Newsdash Insight on Plan Design & Investment Strategy from PLANSPONSOR
May 20th, 2015
Benefits & Administration
Education Key to Prompting Participants to Save
When retirement plan providers take the time to educate participants about the importance of saving for retirement, this builds a level of trust that results in higher savings rates and the use of retirement planning tools, according to the National Association of Retirement Plan Participants’ (NARPP) second annual Retirement Plan Participant Financial Empowerment, Literacy and Trust (FELT) Study. The data shows that a provider’s education program and levels of trust are closely intertwined, says Laurie Rowley, NARPP’s co-founder and president. Education can create the necessary trust that encourages people to participate in the plan, increase their deferral rates, and use retirement planning tools and calculators, she says.Read more >
Failed Testing an Opportunity to Improve Retirement Plan
Failed nondiscrimination testing may mean a retirement plan is not designed to encourage workers to save enough. “The issuance of corrective distributions … means that the plan has highly compensated employees who were unable to save as much for their retirements with pre-tax income as they would like. It may also mean that the plan is not designed to encourage workers to contribute sufficiently,” says Eric Ryles, managing director of ALM Financial Intelligence.Read more >
Ask the Experts
“I am a benefits manager who recently became employed at a large nonprofit after having been in the corporate world. One of my first responsibilities was to review our existing vendor contracts. Much to my surprise, when it came time to review our Employee Retirement Income Security Act (ERISA) 403(b) plan, our vendor indicated that such contracts didn’t exist! They indicated that they have contracts with the plan participants, but not the employer. Could this be possible? For my prior employer’s 401(k) plan, we had a trust agreement, recordkeeping agreement and service agreement. It strikes me as odd that a 403(b) plan would have none of those things. Am I being unreasonable in my expectations?”Read more >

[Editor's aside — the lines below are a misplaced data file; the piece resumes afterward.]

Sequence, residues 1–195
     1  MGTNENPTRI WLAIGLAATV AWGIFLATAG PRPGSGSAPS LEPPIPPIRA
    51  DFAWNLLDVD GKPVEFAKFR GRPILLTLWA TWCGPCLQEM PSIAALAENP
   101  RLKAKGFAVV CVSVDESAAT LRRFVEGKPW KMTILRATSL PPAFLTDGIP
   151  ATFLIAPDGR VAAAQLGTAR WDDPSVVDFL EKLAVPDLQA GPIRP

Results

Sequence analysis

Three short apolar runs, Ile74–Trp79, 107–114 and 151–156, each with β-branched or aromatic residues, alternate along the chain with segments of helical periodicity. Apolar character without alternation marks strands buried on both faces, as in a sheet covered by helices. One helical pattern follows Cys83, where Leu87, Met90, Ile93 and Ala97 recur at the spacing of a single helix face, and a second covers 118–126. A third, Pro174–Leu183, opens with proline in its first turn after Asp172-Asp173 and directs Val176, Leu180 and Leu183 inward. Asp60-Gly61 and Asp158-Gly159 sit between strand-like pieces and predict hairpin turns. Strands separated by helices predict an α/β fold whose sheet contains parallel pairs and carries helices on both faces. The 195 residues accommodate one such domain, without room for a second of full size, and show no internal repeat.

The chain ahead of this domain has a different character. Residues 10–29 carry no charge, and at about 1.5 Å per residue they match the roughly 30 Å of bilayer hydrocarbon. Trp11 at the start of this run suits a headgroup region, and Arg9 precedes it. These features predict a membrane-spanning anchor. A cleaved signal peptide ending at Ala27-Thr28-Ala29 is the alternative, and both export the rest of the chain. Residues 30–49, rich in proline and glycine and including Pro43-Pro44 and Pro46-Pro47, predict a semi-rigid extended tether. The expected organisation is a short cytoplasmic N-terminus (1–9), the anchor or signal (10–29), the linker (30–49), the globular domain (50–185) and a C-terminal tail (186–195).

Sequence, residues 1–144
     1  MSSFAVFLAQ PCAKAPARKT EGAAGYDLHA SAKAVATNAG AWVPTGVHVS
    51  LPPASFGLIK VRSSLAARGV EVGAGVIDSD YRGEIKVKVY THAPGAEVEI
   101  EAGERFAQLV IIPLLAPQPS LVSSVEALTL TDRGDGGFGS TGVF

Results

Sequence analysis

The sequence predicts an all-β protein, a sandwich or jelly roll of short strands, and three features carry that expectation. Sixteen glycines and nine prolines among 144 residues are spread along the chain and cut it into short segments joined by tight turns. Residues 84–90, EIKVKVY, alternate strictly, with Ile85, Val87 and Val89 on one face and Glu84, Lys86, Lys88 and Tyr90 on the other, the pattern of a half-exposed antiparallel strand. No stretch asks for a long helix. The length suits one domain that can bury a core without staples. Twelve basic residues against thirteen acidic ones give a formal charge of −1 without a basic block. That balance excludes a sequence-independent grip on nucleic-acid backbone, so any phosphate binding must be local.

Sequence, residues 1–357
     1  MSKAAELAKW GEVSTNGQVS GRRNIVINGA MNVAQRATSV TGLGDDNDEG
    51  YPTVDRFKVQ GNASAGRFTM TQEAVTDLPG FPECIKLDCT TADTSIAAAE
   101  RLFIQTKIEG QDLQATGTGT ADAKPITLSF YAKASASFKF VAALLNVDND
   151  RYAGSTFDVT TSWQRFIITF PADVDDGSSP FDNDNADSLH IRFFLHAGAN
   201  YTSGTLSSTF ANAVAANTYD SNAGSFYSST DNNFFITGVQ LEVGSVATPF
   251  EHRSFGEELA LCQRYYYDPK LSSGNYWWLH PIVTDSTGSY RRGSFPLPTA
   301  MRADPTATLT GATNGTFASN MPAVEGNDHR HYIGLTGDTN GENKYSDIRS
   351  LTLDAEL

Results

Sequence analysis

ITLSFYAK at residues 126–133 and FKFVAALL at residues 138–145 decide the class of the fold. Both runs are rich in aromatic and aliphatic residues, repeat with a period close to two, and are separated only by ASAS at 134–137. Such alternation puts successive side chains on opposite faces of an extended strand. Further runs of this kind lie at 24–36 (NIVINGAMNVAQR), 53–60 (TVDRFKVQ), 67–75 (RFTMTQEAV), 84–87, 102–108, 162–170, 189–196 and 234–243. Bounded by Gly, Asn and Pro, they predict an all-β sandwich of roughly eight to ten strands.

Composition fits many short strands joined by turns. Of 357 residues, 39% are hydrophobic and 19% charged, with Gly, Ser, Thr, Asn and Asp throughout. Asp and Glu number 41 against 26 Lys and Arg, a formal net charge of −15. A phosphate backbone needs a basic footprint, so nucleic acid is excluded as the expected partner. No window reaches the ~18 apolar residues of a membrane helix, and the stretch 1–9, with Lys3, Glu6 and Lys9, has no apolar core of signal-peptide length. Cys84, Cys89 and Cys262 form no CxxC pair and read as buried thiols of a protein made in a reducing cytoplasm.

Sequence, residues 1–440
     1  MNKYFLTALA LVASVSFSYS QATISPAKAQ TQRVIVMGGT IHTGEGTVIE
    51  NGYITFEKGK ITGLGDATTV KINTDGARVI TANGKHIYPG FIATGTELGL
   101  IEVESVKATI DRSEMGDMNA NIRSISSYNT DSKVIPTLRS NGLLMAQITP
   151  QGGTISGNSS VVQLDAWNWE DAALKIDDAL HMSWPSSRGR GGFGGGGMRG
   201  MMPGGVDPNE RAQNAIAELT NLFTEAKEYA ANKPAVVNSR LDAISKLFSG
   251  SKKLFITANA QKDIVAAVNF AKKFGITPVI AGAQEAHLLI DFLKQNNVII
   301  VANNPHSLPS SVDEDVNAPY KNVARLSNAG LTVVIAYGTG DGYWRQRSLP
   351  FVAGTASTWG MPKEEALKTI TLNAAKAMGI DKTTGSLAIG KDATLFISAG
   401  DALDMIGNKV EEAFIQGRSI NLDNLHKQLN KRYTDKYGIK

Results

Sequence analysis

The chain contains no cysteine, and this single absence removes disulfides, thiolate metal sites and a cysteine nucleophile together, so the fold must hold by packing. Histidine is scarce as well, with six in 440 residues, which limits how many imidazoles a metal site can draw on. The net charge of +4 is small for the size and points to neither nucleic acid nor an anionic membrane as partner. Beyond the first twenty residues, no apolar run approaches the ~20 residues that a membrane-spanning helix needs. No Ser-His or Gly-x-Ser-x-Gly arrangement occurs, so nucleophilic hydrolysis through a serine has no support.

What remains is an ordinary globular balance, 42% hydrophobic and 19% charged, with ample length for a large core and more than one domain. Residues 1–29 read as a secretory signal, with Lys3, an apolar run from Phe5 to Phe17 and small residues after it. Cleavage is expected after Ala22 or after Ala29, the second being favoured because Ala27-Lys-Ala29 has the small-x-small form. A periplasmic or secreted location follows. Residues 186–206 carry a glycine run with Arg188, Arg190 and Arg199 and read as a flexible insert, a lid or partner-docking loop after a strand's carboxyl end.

TRIVIAL PURSUITS: How Many Phils Have There Been?
TRIVIAL PURSUITS: What do the M’s stand for in M&Ms?
2022 Recordkeeping Survey
TRIVIAL PURSUITS: Meaning and Origin of the Idiom “Watershed Moment?”
Maximum Benefit and Contribution Limits Table 2023
Sponsored message from Vanguard
Maximizing the match in DC plans
In this new research note, Vanguard examines the effect of plan design on participants’ decision to maximize employer matching contributions.Read more >
Economic Events
Privately-owned housing starts in April were at a seasonally adjusted annual rate of 1,135,000, according to the Census Bureau. This is 20.2% above the revised March estimate of 944,000 and is 9.2% above the April 2014 rate of 1,039,000. Single-family housing starts in April were at a rate of 733,000; this is 16.7% above the revised March figure of 628,000. The April rate for units in buildings with five units or more was 389,000.
Market Mirror

U.S. stocks drifted mostly lower, led by declines in energy stocks as the price of oil dropped, according to the Associated Press. The Dow was up 13.51 points (0.07%) at 18,312.39, the NASDAQ lost 8.41 points (0.17%) to finish at 5,070.03, and the S&P 500 decreased 1.49 points (0.07%) to 2,127.71. The Russell 2000 closed 1.87 points (0.15%) lower at 1,255.65, and the Wilshire 5000 was down 25.05 points (0.11%) at 22,466.96.

On the NYSE, 3.2 billion shares changed hands, with 1.5 declining issues for every advancing issue. On the NASDAQ, 2.8 billion shares traded, with a 1.3 to 1 ratio of decliners to advancers.

The price of the 10-year Treasury note was down 14/32, increasing its yield to 2.285%. The price of the 30-year Treasury bond decreased 27/32, bringing its yield up to 3.077%.

Council Urges Repeal of ACA Excise Tax